Practice Poison Prevention for Your Furkids Too
As pet parents, our hearts break when our furry loved ones get sick. While most instances of poison result in mild to moderate symptoms like discomfort, diarrhea or vomiting, some foods can cause major health issues and even death. National Poison Prevention Week is March 18-14th. Humans need to understand the important steps to avoid harmful substances – our furkids need to be safe from poisons too. Our friends at Petcurean have important tips for protecting your pet and avoiding hazardous materials. Poison prevention is important whether your kids have two legs or four.
Indoor and Outdoor Plants
Many common plants can have negative effects on your beloved pet. For good outdoor poison prevention, it’s really important to check your yard for mushrooms if your dog spends a lot of time outside. There are many species of mushroom that are toxic to pets, such as the Amanita phalloides or ‘Death Cap’ mushroom, a potent poison at only 3 grams. Since there’s a multitude of other species that can harm your pet, it’s best to keep your lawn clean of any mushrooms just to be safe. If you suspect your pet has ingested a poisonous mushroom, take them to the vet and bring the mushroom so the clinic can identify what type of toxin or poison they are dealing with. And check out this list of harmful plants to make sure you don’t have any in your home.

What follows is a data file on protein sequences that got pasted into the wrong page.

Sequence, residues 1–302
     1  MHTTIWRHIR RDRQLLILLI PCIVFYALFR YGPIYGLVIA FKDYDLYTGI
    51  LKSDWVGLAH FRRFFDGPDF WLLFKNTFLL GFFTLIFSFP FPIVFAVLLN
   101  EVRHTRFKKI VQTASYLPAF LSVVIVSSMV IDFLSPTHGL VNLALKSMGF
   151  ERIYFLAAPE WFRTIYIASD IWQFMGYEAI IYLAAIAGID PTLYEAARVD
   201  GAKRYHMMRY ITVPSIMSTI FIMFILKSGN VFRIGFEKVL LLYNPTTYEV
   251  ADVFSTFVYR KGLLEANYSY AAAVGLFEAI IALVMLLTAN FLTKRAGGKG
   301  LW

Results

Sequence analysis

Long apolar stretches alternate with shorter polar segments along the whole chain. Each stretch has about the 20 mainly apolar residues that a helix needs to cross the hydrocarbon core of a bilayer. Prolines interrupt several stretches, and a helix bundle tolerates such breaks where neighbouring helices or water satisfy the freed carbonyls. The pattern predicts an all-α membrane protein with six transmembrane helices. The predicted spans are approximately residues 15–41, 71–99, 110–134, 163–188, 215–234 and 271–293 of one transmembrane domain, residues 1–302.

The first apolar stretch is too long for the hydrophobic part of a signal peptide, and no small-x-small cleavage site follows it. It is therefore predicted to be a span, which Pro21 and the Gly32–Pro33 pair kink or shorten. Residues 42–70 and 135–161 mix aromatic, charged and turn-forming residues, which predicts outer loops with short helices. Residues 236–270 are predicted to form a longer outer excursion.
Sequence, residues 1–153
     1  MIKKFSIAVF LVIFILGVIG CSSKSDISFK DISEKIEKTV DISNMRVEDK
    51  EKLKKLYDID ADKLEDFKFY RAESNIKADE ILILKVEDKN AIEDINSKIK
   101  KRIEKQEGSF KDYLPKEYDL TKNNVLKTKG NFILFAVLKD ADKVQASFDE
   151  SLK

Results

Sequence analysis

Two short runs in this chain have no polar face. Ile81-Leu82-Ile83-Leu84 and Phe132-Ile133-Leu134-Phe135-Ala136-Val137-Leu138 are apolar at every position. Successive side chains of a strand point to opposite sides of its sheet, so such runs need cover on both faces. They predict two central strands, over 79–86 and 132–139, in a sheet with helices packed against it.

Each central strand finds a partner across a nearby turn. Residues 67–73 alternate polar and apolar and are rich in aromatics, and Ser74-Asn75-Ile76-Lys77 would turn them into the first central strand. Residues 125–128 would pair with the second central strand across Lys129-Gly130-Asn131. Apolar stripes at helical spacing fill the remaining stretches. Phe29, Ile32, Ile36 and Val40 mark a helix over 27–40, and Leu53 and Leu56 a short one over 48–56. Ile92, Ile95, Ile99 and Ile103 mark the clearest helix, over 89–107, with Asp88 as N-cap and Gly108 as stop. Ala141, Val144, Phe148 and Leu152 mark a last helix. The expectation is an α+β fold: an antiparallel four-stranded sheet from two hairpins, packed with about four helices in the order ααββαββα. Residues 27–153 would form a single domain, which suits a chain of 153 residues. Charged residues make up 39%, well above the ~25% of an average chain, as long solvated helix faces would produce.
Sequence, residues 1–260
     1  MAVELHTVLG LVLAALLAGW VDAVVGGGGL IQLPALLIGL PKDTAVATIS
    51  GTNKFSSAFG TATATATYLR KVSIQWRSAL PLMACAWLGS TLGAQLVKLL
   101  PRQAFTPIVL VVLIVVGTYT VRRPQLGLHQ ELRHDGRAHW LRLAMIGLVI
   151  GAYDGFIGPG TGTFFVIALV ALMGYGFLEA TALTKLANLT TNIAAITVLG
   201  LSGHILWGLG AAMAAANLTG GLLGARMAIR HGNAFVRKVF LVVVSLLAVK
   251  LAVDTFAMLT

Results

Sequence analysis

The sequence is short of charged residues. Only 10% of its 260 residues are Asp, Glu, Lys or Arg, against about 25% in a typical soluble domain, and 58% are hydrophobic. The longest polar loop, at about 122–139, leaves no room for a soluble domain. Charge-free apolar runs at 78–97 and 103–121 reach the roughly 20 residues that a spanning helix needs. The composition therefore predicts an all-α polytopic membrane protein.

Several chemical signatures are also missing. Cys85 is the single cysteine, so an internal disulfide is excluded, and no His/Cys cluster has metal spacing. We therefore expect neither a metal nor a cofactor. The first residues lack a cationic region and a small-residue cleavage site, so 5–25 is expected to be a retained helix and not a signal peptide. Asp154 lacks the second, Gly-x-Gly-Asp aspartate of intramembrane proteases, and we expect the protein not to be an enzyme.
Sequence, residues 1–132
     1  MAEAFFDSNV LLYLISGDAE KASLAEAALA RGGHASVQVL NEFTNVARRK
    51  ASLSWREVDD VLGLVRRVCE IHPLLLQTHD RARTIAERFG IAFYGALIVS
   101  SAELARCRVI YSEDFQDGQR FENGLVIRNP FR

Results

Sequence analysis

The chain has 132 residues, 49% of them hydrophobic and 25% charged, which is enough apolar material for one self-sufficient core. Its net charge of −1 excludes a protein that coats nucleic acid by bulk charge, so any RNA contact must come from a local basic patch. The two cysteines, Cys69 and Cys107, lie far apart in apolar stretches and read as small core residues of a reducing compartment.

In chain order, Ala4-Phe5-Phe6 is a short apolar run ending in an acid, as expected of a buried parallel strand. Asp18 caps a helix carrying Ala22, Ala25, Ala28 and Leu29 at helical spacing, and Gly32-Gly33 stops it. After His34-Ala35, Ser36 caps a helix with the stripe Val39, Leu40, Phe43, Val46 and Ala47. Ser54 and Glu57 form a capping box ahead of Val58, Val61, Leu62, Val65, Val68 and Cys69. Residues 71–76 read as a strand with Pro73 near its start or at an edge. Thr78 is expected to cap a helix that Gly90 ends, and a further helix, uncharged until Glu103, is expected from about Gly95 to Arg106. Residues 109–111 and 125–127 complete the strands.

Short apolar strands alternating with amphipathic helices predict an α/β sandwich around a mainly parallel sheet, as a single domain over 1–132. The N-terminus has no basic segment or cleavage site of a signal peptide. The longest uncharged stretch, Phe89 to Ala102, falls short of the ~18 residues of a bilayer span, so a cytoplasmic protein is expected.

Foods to Avoid
- Chocolate – Most pet lovers know that chocolate is a big no-no for Fido. Chocolate is harmful because of a toxic agent called theobromine, which can make your pup extremely ill and even lead to death.
- Grapes – Grapes can lead to kidney failure in dogs. If you want to give your pup a fruity treat, opt for blueberries instead.
- Garlic – Onions, leeks, chives and garlic are part of the Allium family. Garlic, however, is five times more toxic to dogs than the rest of the Allium plants.
- Macadamia Nuts – These are perhaps one of the most poisonous foods for dogs. They can cause vomiting, increased body temperature, inability to walk, lethargy and even affect the nervous system.
If your pet is exhibiting unusual behavior, such as vomiting or diarrhea, they may be reacting to something poisonous and should be taken to a vet for immediate attention. You can also call the Animal Poison Control Center 24/7 at 855-764-7661 for less urgent concerns or questions.
The AKC has a great list of human foods dogs can and cannot eat. But for an easy, worry-free way to treat your pup with the delicious foods you know and love, why not try SPIKE treats? These treats are made with premium quality meat proteins, antioxidants and superfoods like chia, pomegranate and kale.
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